You canâ€™t beat a system you canâ€™t understand
You can’t beat a system you can’t understand
A few days ago, Seattle-Tacoma International Airport management removed all the Christmas trees from a holiday display in response to a rabbi’s request to add a giant Jewish menorah to the decorations. This is disturbing. Apparently, Rabbi Elazar Bogomilsky thought a prominently displayed giant menorah would give adequate Jewish representation to a Christian-oriented theme.
Bogomilsky even hired an attorney and threatened to sue the Port of Seattle if it did not add the menorah to the display of trees decorated with red ribbons and bows. However, he found the decision to remove the trees appalling. “Everyone should have their spirit of the holiday. For many people the trees are the spirit of the holidays, and adding a menorah adds light to the season,” Bogomilsky said.
Bogomilsky’s lawyer, Harvey Grad said, “They’ve darkened the hall instead of turning the lights up. There is a concern here that the Jewish community will be portrayed as the Grinch.”
According to airport spokeswoman Terri-Ann Betancourt, the port staff consulted their attorneys and decided that adding the menorah could have led to adding symbols for other religions and cultures. Nonetheless, they must not have felt too confident in their decision because they asked maintenance workers to remove the trees during the early Saturday graveyard shift, when few people would be around to notice.
Bogomilsky was right when he said, “For many people, the trees are the spirit of the holidays.” Trees have been a center of celebration for some time, and not exclusively for Christians. The ancient Egyptians were the beginning of a long line of cultures that treasured and worshipped evergreens long before Christmas existed. They brought branches into their homes when the winter solstice arrived to symbolize life’s triumph over death. The Romans celebrated the winter solstice by decorating their houses with greens and lights and exchanging gifts. The practice of using trees, exchanging gifts, and displaying lights for celebrations whether religious or secular is nothing new.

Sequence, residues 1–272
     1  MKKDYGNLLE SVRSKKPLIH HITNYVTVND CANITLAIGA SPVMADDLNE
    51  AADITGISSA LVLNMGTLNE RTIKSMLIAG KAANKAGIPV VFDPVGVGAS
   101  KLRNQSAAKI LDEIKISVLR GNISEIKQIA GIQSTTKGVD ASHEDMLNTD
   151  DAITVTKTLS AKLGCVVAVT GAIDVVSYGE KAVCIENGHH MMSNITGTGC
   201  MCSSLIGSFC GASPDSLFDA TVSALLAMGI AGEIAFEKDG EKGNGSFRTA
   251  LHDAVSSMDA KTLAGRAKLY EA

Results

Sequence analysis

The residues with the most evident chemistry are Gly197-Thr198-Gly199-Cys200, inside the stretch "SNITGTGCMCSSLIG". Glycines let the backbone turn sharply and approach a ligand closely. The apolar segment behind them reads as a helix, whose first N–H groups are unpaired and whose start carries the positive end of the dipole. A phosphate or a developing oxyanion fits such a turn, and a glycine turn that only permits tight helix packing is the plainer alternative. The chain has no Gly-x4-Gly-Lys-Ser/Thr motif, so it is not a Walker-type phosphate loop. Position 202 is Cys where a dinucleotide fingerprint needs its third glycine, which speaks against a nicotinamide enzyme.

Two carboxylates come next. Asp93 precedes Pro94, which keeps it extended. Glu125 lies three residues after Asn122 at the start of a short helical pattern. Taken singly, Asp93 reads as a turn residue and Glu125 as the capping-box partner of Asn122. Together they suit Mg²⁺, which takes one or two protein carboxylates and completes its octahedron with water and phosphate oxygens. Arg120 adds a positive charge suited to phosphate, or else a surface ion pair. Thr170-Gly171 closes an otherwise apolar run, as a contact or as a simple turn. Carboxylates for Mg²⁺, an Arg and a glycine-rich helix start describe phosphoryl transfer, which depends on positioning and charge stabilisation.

The evergreen trees decorating the Seattle-Tacoma International Airport should not be considered a Christian-oriented display that gave no recognition to its Judaic roots. The use of trees as symbols of celebration is as secular as it is religious. They were just decorated trees being used as symbols of the holiday season. The season is equally as holy for Jews celebrating Hanukkah as it is for Christians celebrating Christmas.
However, that is not the point. The point is that in our efforts to again be “politically correct” and not offend anyone, we are denying ourselves the right of religious freedom. What happened to tolerance, acceptance, and diversification? Our forefathers fought and died so we could have the freedom to worship and practice the religion of our choice. We have a few laws that restrict some extreme rituals in this country, but for the most part, we welcome and encourage everyone to feel free to pray, hold services, and celebrate their religious holidays with impunity.
Decorated trees and gifts have a commonality that has been shared by the major religions for millennia. Even the pagan religions used symbolism and exchanged gifts as part of their religious practice, and they existed long before Judaism, Christianity or Islam.
If everyone hides their religious beliefs and practices out of fear of offending their neighbors, can outlawing Santa Claus be far behind? The idea of Santa could easily offend the religious because Santa is a distraction from the origins of the Christian celebration. Will Santa be relegated to a “Secret Society of Santa” and hide in little rooms in dark alleys where wary parents will sneak their children in for a clandestine visit with the jolly old elf? I certainly hope not.
Ladies and gentlemen in case you forgot, you live in America. If you’re a Christian, park a Nativity scene in your front yard, a tree in your window, and display Merry Christmas in bright lights on top of your house. If you’re Jewish, hang a menorah on your door, a star of David in your window, and a Happy Hanukkah sign in bright lights where it will be seen by all. And if you’re Muslim, Buddhist, Bahai, or any other religion I haven’t mentioned due to space and ignorance, get out there and celebrate the holidays according to your beliefs. And if you are not religious and want to celebrate the coming of the winter solstice with a visit from Santa Claus, then park a sled pulled by reindeer on your roof and Seasons Greetings in lights and have at it. It is your right. If you feel you are being denied that right, then you live somewhere other than America in a system I have no desire to understand.